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Whatever advances come out of the project might also be applied to doing broad semantic studies of how people use video sharing platforms like YouTube. That would be good for better HCI and, of course, getting more relevant content. Exciting and scary stuff.
"(a) Any provision in an employment agreement which provides that an employee shall assign, or offer to assign, any of his or her rights in an invention to his or her employer shall not apply to an invention that the employee developed entirely on his or her own time without using the employer’s equipment, supplies, facilities, or trade secret information except for those inventions that either:
(1) Relate at the time of conception or reduction to practice of the invention to the employer’s business, or actual or demonstrably anticipated research or development of the employer.
(2) Result from any work performed by the employee for the employer.
(b) To the extent a provision in an employment agreement purports to require an employee to assign an invention otherwise excluded from being required to be assigned under subdivision (a), the provision is against the public policy of this state and is unenforceable.”
The "relate at the time of conception or reduction
Also, I've read interviews from employees at Facebook that say they try to cull duplicate accounts from the statistics they release. Plus, over half of Americans now use Facebook, so I don't think that 600 million is a bad estimate when one considers their international audience.
I think nycto's point was that "cultural differences" should not be held above universal human rights. Saying "this oppression is just our culture" is bad because it essentializes culture to a particular ethnic/national identity and demeans the very people denoted as "part of the culture" because it posits them as unable to embrace liberty. Universal rights > "particularist" multiculturalism. For more info on universalism, see Slavoj Zizek's writings. He probably answers your calculative ethic at some point in his writings, too.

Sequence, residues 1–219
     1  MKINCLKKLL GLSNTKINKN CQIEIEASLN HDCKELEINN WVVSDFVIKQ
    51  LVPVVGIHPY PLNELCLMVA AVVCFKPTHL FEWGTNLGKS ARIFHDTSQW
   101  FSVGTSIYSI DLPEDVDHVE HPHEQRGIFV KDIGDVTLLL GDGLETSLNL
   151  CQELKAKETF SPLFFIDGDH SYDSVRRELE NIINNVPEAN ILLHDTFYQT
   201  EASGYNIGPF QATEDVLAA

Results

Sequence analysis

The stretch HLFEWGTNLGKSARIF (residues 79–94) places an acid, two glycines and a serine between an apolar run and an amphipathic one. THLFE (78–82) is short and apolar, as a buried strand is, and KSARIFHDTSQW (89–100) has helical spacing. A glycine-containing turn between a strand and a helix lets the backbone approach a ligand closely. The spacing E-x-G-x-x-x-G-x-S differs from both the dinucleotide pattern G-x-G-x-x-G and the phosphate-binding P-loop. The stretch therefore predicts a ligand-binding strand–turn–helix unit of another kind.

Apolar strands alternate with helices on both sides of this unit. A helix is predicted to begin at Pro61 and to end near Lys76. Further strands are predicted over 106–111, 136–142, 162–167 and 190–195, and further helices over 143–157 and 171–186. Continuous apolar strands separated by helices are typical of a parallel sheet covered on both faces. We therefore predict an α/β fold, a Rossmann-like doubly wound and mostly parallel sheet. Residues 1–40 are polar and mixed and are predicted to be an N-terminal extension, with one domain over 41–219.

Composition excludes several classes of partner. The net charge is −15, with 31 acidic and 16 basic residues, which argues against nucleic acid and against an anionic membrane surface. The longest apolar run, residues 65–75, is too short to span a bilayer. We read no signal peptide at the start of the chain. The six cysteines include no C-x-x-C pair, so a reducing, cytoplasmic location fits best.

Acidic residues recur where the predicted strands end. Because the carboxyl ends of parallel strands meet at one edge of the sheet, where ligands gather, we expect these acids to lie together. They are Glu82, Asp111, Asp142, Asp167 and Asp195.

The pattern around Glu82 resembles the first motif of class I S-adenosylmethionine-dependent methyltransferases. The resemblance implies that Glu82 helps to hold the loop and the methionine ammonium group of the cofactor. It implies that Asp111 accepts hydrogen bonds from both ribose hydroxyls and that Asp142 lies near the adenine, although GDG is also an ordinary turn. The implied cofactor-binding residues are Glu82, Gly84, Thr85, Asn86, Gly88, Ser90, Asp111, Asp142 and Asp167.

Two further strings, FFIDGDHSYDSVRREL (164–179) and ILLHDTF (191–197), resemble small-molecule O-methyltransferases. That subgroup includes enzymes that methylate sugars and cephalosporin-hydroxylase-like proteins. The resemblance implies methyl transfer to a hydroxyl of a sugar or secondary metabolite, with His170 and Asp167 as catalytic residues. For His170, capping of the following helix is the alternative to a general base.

Apple made a right move in disabling Exodus's app. Insofar as they're the ones deciding which app to market to consumers using their store, they shouldn't waste their own bandwidth in letting people download an app that would be used to oppress a group that already has enough internalized self-hatred. I'm sure the app would also be downloaded by parents trying to "fix" their gay kids, and we know how trying to change sexuality using other, less ethical electric therapies has worked in the past.
Although I don't think people would use that as much as the translation for "Just fucking Google it."
Link to Original Source
This hurts those areas and broadens the gap in wealth between urban and rural areas because companies aren't really willing to invest in areas with no information infrastructure. Also, education suffers; online schools seem to be a good way to escape bad public schools for kids who really want to take their education into their own hands.
Hopefully, some good policies will help bridge the digital divide. I feel that that's a good start to bridging economic and geographical divides in this country as well.
The US is in 16th place with an average speed of 4.7 Mbps. While there’s an argument that this is a poor position for such a major country (and cited as a reason for federal investment in expanding and improving provision), it’s likely also the result of the US having so many rural and remote areas compared to the likes of South Korea. That’s partly borne out by the US having a dozen of the 100 global cities with the fastest average speed, the American contingent being headed up by California’s Monterey Park with an average 7.2Mbps."